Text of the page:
Sociology provides tools to understand problems and problematize our understandings about everyday assumptions. Sociology offers students skills and frameworks to think seriously about contemporary society: we can trace the roots of structural patterns of injustice, give voice to underrepresented communities, and suggest alternative strategies of social engagement.
From the classroom to field research, I invite my students to broach social questions with analytical rigor and empathy in order to trace interesting connections between course material, historical context, current events, and personal experience. My classes emphasize analytical thinking, clear communication, and skill building. Towards that end, I integrate multimedia sources into my classes. Take a look at my regularly updated Teaching Resource Page for some of my top, non-textbook teaching tools.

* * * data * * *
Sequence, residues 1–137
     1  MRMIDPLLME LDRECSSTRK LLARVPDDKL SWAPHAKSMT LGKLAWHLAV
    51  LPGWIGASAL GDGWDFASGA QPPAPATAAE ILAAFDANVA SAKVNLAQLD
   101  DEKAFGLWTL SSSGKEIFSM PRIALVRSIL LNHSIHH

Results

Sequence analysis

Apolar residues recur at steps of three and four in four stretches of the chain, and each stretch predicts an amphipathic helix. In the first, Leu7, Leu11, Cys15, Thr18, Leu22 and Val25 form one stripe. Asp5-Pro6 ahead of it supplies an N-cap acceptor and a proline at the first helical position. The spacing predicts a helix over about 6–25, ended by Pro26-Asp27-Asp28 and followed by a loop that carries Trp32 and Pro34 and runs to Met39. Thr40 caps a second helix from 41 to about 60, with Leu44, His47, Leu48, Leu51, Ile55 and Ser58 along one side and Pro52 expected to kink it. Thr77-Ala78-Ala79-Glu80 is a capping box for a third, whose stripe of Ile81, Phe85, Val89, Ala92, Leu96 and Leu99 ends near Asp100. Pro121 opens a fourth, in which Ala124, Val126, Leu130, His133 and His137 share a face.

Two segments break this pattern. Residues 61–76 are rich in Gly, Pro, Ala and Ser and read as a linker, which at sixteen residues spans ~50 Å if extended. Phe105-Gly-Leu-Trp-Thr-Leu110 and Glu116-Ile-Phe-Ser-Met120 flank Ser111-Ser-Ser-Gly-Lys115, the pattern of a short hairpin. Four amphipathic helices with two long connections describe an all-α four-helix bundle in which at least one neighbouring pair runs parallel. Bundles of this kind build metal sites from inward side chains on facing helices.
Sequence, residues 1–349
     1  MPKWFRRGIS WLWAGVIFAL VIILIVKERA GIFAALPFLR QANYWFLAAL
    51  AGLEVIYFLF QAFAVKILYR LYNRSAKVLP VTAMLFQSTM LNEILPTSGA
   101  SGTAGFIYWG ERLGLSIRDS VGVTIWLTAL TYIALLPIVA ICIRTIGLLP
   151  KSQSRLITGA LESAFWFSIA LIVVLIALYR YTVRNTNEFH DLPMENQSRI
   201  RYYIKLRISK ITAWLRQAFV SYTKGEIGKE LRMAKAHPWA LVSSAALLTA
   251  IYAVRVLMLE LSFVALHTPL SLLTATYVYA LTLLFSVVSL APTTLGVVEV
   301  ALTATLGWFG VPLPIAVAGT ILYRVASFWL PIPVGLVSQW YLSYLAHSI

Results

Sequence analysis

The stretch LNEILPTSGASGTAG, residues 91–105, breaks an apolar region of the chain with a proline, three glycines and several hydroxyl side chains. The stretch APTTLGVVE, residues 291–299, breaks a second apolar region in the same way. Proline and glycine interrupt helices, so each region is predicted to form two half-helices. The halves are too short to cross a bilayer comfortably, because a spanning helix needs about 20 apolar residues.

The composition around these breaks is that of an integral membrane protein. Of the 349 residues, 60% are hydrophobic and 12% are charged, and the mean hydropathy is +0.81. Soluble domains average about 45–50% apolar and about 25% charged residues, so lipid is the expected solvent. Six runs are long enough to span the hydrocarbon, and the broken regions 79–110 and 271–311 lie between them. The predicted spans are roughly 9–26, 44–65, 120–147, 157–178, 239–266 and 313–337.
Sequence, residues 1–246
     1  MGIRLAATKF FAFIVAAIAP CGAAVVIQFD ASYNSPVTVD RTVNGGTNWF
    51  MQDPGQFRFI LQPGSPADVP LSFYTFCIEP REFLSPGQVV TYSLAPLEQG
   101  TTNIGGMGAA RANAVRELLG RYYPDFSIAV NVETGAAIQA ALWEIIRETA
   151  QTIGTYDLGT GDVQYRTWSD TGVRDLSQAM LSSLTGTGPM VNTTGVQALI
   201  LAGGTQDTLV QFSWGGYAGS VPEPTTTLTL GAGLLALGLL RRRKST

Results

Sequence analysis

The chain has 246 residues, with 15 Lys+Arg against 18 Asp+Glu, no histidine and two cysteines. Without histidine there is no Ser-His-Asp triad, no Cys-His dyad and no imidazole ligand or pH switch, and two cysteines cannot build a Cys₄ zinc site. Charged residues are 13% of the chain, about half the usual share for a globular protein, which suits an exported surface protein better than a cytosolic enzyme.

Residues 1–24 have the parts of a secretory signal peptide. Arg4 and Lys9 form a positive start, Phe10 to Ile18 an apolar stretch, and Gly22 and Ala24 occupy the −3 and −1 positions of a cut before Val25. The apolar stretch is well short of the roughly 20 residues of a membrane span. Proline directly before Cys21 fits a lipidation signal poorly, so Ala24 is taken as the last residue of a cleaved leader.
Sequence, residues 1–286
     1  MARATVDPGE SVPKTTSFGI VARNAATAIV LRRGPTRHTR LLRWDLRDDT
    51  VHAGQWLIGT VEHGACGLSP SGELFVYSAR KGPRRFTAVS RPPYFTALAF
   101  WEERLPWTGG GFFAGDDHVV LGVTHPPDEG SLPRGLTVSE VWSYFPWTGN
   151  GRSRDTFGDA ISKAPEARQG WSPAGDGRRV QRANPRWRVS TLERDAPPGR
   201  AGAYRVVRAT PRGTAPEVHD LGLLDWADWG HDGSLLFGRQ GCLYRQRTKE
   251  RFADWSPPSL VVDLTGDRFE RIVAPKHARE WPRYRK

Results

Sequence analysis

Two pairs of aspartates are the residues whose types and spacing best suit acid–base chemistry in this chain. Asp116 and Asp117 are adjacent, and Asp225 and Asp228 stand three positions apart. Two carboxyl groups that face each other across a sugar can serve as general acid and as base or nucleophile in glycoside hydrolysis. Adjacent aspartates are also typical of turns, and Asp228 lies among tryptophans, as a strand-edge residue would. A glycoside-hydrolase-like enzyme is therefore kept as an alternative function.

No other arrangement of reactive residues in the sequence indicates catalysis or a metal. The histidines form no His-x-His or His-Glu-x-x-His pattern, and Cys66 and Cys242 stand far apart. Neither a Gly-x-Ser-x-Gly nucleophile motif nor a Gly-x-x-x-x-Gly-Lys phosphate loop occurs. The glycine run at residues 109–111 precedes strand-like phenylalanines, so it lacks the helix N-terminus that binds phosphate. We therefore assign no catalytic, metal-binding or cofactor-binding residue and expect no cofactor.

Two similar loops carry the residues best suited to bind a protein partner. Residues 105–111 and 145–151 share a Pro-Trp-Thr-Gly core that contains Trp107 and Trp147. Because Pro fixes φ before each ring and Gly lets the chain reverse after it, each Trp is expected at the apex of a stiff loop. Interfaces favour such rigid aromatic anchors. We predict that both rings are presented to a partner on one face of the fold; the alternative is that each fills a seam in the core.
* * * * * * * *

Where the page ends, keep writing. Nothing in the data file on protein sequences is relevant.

- Introduction to Sociology, Department of Sociology
- Sociology of the Environment, Department of Sociology/Environmental Studies
- Qualitative Methods, Department of Sociology
- Environmental Movements, Department of Sociology
- Qualitative methods, Department of Sociology (Fall 2018)
- Food systems in a globalizing world, Department of Anthropology (Fall 2018)
University of Chicago
- Critical agrofood systems, Program for the Global Environment (Spring 2017)
University of Wisconsin-Madison
- Teaching assistant in courses on Sociology, Environmental History, Culture, and Ecology.